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From the Director’s Desk: Why Chicken Nuggets Matter

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In explaining its endorsements for the upcoming LA Unified School District (LAUSD) Board elections, the LA Times asserted in their February 8 article that the current Board President Steve Zimmer has somehow inappropriately “lavished attention on such side issues as where the district sources its chicken nuggets.”

However, school food is no side issue, particularly at a place like LA Unified School District (LAUSD) that serves 750,000 meals every single day–including breakfast, lunch, and after-school meals.  Given that more than 72% of our LAUSD students qualify for free or reduced priced lunch (based on family income), school is often the only place where many of our kids will get a decent meal.

Civil Eats: How One Groundbreaking Set of Rules is Changing the Food in L.A. Schools and the System Behind It

Food and nutrition play a vital role in a child’s academic performance, and studies have found that food intake affect education outcomes. Hunger is associated with lower grades, higher rates of absenteeism, repeating a grade, and an inability to focus. In addition, inadequate consumption of fruits, vegetables or dairy products is associated with lower grades. On the reverse side, studies have also found that having a healthy, balanced diet improves academic performance and maximizes cognitive capabilities.

LAUSD spends $150 million dollars on food every year, making it one of the largest food purchasers in the state of California. With this significant impact on the food market, it is important that LAUSD leverages its purchasing power responsibly to support the health of students as well as the health of our food system. This includes paying attention to the school district’s impact on farmers, distributors, workers and animals in our local food system. In 2012, LAUSD became the first school district in the country to adopt the Good Food Purchasing Policy (GFPP)–a cutting edge, comprehensive procurement program that seeks to raise standards across five values: Nutrition, Environmental Sustainability, Local Economies, Valued Workforce, and Animal Welfare. Following LA’s example, San Francisco and Oakland Unified School Districts adopted GFPP last year–while additional school districts around the country are seeking to follow in their footsteps–and all are looking to LAUSD as a model in how to fundamentally transform food purchasing.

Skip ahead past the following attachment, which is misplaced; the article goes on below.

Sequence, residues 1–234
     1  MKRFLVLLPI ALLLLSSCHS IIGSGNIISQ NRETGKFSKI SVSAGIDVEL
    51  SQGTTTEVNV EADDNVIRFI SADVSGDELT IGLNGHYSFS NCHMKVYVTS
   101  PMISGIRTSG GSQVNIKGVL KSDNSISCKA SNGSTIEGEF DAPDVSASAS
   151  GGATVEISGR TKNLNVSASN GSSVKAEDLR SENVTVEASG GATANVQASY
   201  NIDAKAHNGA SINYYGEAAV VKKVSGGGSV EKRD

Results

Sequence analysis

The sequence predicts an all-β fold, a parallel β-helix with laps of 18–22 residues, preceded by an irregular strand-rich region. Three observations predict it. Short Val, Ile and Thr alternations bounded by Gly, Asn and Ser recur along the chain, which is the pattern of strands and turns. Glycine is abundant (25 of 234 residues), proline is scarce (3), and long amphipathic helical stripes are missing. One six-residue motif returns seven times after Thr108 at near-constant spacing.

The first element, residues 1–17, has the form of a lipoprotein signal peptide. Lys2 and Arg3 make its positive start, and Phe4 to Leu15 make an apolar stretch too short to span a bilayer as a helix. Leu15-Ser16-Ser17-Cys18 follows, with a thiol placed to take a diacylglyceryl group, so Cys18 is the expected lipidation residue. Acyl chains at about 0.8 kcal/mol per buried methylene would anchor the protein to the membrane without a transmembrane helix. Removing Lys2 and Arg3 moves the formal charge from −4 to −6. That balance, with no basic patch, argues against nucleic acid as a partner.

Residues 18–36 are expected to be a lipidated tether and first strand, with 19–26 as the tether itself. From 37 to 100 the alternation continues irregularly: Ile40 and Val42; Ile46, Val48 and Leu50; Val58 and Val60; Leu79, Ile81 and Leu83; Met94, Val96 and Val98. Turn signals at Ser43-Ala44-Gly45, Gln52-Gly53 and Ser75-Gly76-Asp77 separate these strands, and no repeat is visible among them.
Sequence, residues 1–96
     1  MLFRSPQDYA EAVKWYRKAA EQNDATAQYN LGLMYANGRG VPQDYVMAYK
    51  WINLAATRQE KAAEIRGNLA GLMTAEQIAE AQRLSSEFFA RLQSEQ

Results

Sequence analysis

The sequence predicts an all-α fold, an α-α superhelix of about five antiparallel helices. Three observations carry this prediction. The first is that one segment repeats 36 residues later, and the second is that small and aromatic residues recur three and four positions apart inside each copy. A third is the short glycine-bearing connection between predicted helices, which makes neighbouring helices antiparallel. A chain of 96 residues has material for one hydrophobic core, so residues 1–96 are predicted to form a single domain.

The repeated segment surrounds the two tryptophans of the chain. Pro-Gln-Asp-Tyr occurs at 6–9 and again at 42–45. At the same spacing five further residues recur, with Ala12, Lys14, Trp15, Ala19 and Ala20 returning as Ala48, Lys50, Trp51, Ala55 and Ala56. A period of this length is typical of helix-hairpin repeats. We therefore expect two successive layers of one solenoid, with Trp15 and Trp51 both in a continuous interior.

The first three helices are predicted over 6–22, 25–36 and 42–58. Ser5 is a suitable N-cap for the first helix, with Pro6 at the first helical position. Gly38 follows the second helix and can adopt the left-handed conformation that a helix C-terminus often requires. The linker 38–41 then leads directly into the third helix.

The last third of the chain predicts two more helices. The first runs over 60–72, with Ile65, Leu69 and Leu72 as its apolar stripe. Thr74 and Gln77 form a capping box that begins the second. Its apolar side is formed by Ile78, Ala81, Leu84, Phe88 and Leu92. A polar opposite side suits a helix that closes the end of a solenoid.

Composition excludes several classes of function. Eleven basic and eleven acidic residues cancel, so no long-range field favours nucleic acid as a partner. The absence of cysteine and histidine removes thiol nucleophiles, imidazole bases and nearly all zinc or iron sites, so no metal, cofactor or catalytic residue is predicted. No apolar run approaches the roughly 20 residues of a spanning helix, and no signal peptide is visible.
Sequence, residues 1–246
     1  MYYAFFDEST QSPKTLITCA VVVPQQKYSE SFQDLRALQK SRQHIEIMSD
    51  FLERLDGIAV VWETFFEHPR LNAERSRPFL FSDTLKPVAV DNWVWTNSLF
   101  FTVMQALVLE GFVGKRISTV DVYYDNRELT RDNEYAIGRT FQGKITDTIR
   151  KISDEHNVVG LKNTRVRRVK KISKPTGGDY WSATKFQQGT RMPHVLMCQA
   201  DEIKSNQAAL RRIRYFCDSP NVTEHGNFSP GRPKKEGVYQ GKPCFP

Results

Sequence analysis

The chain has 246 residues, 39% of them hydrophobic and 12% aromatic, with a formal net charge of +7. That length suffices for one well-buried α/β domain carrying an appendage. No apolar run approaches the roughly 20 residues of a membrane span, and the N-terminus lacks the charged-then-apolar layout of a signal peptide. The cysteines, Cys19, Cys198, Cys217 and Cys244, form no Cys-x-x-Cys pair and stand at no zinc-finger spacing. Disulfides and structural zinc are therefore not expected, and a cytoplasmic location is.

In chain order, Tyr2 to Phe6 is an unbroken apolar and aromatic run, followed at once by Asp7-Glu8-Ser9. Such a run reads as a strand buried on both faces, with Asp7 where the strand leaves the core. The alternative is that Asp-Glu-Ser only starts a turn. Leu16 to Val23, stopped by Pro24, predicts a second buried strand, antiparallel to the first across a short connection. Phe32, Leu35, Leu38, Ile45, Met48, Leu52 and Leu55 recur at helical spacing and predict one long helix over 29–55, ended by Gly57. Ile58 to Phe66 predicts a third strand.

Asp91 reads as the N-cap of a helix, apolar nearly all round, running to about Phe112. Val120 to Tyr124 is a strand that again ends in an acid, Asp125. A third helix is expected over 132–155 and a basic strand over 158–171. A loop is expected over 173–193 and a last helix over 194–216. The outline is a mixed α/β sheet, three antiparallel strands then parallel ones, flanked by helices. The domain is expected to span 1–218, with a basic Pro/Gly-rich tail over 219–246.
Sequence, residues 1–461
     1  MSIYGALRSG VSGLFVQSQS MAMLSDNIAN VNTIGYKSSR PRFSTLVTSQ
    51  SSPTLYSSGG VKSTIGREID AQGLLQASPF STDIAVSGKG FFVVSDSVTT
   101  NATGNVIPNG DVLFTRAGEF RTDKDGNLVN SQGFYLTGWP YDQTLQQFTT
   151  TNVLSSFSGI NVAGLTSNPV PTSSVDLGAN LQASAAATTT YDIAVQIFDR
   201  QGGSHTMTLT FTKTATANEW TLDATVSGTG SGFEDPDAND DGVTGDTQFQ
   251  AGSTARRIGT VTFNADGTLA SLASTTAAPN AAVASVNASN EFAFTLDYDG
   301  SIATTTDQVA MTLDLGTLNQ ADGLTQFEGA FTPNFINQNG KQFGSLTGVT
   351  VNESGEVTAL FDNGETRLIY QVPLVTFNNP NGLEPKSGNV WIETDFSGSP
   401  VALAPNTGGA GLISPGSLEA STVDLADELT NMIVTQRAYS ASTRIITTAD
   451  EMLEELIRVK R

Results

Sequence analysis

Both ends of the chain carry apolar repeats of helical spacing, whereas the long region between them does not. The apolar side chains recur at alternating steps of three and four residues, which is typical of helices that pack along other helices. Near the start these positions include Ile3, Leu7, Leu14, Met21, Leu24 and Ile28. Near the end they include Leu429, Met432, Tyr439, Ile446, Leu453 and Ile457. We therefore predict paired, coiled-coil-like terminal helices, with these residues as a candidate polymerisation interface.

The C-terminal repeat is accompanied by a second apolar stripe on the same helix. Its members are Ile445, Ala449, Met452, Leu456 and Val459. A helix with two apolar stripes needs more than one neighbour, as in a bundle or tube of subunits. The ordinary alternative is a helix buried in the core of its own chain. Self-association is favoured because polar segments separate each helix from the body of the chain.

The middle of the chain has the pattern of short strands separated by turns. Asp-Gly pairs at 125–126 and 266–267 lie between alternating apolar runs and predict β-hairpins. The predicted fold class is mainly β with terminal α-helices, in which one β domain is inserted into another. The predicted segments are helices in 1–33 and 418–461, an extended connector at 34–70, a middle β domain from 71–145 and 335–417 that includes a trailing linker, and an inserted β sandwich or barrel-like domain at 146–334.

The current Board members, with critical leadership from Mr. Zimmer, have all worked faithfully with LAUSD staff and community organizations to implement the Good Food Purchasing Policy, offering our students not just nutritious food, but also access to food that is humane and locally sourced. Furthermore, every single candidate in this race has expressed support for the Good Food Purchasing Policy. Several candidates took the time to weigh in on various school food issues in response to a candidate questionnaire produced by the LA Food Policy Council, clearly recognizing school food as more than a “side issue.” We do not argue that the LAUSD Board make school food their only priority.  However, we greatly appreciate and applaud our school board members–including Mr. Steve Zimmer–for providing leadership on an issue that significantly impacts our students and our region.